REVIEWS: Henry: One Man’s Way

From ANIMAL PEOPLE, October 1997:

Henry––One Man’s Way
Documentary by Peter Singer
Distributed by The Great Ape Project
(POB 19492, Portland, OR 97280-0492), 1997.
Two hours. $15.00.

Even if Henry Spira had never taken up the animal
cause, he would still have had a formidable career in activism,
as maritime labor organizer, leftist through the McCarthy era,
and muckraking reporter who exposed the peccadillos and perversities
of longtime FBI director J. Edgar Hoover at the height
of Hoover’s power, traveled to Cuba to cover the first developments
after Fidel Castro ousted the CIA-backed dictator
Francisco Batista, and followed the Freedom Riders through
rural Mississippi.

As a New York City schoolteacher after that, Spira
would have been an enduringly influential example of the individual
pursuit of truth and decency, helping the oppressed and
sharing the wisdom acquired by experience––including a
Jewish childhood partially spent in Nazi Germany, and a stint,
after being drafted, as a U.S. military propaganda officer.
Spira still enjoys the irony that even as one branch of government
was investigating him for being an alleged subversive,
another was recruiting him to tell fellow troops about the greatness
of America.
But that was all just Spira’s apprenticeship.
Becoming aware of institutional animal abuse through a night
course taught by Peter Singer, the Australian philosopher who
was then writing his influential book Animal Liberation,
Spira felt compelled to put his street smarts to work for, as he
puts it, “the most exploited and helpless class of victims in
our society.”
The issue then, in 1973, was not that animals didn’t
have self-appointed champions. The American SPCA, right
there in New York City, was already more than 100 years old,
and a galaxy of other humane societies and antivivisection
societies were approaching that milestone. A second galaxy
had formed through a post-World War II series of internal
splits over the conservatism of the older societies, which had
often accumulated wealth while compromising their founding
principles by endorsing sport hunting and laboratory use of animals,
and had become more focused on killing homeless dogs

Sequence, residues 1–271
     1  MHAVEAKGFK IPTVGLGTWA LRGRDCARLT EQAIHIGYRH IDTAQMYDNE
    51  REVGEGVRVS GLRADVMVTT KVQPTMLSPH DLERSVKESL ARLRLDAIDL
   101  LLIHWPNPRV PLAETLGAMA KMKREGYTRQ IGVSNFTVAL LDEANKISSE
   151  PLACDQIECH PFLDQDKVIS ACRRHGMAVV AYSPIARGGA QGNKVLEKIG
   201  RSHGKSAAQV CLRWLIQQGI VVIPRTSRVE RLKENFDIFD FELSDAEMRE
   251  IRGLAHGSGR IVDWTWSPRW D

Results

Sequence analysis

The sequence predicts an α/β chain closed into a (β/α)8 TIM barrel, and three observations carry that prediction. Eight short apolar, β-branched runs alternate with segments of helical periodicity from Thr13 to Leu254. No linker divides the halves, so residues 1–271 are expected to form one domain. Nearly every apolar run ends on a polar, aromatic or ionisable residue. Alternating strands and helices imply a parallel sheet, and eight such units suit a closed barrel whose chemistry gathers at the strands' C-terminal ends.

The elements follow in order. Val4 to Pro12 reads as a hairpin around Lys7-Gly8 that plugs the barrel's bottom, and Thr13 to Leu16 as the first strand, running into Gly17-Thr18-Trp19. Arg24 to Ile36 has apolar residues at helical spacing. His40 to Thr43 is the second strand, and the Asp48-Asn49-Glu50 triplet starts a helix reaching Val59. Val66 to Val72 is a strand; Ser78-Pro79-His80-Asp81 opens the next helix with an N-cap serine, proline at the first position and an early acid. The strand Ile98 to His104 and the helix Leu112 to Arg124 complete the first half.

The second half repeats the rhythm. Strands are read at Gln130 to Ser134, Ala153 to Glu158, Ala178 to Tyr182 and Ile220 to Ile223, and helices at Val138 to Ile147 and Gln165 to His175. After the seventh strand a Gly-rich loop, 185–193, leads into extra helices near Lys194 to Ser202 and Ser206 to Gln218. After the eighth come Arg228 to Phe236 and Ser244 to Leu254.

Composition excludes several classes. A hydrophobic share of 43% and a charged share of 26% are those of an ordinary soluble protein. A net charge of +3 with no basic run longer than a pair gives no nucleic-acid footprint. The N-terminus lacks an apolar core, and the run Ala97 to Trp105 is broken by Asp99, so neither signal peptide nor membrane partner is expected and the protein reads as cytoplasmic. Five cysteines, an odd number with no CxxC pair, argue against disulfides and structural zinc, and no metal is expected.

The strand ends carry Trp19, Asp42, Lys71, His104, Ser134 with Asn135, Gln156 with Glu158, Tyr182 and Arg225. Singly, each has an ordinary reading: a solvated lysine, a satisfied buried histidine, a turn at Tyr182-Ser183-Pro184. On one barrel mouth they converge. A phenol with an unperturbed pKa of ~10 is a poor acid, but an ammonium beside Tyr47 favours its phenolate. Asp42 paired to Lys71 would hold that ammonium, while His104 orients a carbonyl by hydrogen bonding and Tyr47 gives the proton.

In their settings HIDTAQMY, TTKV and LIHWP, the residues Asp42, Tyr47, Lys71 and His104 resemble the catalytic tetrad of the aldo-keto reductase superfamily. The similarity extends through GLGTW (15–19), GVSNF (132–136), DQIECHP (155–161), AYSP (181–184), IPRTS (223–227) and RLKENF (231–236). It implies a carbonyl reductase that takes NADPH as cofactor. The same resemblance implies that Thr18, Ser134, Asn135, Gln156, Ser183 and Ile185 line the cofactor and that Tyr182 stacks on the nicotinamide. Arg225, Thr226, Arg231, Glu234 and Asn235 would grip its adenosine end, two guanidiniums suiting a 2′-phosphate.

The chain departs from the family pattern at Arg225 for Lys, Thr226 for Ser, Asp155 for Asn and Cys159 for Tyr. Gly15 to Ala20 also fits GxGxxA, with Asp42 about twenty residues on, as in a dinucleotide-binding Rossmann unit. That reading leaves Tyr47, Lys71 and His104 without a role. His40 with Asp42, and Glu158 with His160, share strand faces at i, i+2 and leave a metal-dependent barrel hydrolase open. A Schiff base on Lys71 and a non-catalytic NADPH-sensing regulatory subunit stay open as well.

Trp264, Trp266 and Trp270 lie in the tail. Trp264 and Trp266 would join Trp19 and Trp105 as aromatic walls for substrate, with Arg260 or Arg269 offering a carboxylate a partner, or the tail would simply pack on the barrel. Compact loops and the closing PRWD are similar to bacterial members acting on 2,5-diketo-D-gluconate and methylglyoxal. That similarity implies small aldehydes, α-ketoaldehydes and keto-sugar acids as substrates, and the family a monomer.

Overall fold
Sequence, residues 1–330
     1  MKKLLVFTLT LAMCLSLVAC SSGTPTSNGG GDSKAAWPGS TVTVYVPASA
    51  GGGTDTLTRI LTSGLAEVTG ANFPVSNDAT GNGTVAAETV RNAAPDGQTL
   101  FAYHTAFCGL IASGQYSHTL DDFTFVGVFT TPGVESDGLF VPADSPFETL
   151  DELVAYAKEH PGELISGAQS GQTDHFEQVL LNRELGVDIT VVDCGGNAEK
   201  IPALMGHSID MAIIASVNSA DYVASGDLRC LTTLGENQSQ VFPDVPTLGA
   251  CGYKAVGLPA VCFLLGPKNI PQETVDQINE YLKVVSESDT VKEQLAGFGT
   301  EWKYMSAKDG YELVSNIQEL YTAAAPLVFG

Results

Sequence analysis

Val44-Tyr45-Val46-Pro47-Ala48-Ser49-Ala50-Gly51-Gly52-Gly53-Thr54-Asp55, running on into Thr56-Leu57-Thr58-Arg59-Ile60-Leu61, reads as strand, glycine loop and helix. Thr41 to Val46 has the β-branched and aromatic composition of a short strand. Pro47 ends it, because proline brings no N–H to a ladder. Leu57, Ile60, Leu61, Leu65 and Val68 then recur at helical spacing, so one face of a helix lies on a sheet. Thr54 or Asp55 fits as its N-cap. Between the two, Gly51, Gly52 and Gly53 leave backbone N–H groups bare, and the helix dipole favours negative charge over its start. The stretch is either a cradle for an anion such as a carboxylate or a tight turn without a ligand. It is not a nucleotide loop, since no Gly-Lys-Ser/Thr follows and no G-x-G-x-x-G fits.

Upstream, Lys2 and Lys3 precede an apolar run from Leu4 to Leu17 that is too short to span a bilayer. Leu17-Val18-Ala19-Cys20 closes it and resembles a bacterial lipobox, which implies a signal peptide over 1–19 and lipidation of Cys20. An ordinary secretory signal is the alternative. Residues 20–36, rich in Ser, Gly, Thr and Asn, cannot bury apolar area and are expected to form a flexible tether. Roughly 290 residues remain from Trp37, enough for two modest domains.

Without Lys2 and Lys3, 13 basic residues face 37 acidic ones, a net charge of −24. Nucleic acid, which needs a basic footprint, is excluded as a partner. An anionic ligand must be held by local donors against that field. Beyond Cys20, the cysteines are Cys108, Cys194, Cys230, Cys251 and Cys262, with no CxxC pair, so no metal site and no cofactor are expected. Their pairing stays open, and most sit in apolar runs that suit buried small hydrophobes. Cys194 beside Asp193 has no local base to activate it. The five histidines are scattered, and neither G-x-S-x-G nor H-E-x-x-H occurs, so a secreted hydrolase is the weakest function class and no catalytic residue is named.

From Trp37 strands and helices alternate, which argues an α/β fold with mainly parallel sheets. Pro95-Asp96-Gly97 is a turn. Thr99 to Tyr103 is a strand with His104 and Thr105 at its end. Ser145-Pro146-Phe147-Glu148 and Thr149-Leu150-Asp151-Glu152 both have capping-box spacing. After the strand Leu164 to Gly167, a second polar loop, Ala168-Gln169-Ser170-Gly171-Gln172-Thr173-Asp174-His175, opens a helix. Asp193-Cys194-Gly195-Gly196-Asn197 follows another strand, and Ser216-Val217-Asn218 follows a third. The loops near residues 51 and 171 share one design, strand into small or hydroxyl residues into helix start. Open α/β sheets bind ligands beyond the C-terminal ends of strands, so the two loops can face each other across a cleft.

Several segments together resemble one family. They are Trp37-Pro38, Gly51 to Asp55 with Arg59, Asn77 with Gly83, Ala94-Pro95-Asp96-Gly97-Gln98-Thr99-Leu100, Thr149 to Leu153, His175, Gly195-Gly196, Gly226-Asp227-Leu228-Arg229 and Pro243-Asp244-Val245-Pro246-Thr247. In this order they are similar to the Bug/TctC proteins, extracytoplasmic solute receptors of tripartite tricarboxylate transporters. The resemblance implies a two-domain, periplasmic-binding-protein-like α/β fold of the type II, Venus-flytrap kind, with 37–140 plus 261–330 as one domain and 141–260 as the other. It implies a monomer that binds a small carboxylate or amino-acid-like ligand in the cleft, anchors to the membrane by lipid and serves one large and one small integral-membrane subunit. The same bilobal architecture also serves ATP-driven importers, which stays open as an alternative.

and cats than in challenging the norms of society.
The younger organizations, calling themselves collectively
the “animal welfare movement,” won more federal
legislation between the 1959 passage of the Humane Slaughter
Act and the 1973 adoption of the Endangered Species Act than
has been passed in all the years before and since––but none of
the new laws actually stopped any common use of animals, no
matter how cruel.
What Spira wanted was not more feel-good legislation,
but rather meaningful institutional change. What he did
was develop a strategy demanding not that abuse should be
conducted within a framework of law, but that abuse should
stop, regardless of legality. In 1976 Spira won the first-ever
shutdown of experiments already underway, obliging the
American Museum of Natural History to discontinue studies of
sexuality in brain-damaged cats that had already gone on for a
quarter of a century. Stopping product testing on animals
proved tougher, because alternative testing methods had to be
developed to insure consumer safety. Thus, after nudging
Avon and Revlon to abandon animal testing, Spira persuaded
Procter & Gamble to fund research and development of alternatives,
in which pursuit P&G has spent $54 million to date,
halving animal use and virtually eliminating animal use apart
from legally required pharmaceutical testing, while tripling in
size and product line.
Since then, Spira has emphasized improving the
lives, easing the deaths, and reducing the consumption of socalled
farm animals. Halting the facebranding of cattle imported
from Mexico was among his achievements in that regard.
His current focus is persuading McDonald’s Inc. to honor a
pledge to make suppliers meet basic animal care standards.
Singer, now an accomplished film maker, documents
Spira’s life and achievements in Henry––One Man’s
Way. Even those who have known and worked with Spira for
many years will learn much about a personal history that he
rarely discusses, mainly because he tends to talk about the present
and future instead of the past.
But the most important words in the whole documentary,
widely separated, concern tactics.
In mid-documentary, Spira explains that when planning
his approach to animal activism he sought to avoid the traditional
error of the antivivisection movement, endlessly
shocking the already sensitized with new photographs of abuse,
to get them to send money, which would be used to obtain and
publish more such photos, to be mailed mostly to the same
pre-sensitized audience to raise more money. This cycle is
even more evident now than then. Asked why he indicted only
past practice on camera, Spira told ANIMAL PEOPLE, “I
was being polite. Maybe they’ll get the message anyway.”
Concluding the video, a New York Times ad censor
objects to the same why-don’t-you-eat-your-pet collage advertisement
showing a cute kitten entering a meat grinder that has
several times appeared in ANIMAL PEOPLE. Though T h e
New York Times routinely publishes photos of killed and tortured
humans, it rarely offers a graphic depiction of animal
suffering––and the one it did use within recent memory, of a
Russian shooting a wolf, provoked a storm of protest that such
an action should ever be depicted. Thus any visual reminder
that every meat-eater contributes to cruelty can still shock
Times readers and the ad department.
Working to beat the ad censors, Spira takes the hard
path of developing the audience instead of preaching to the

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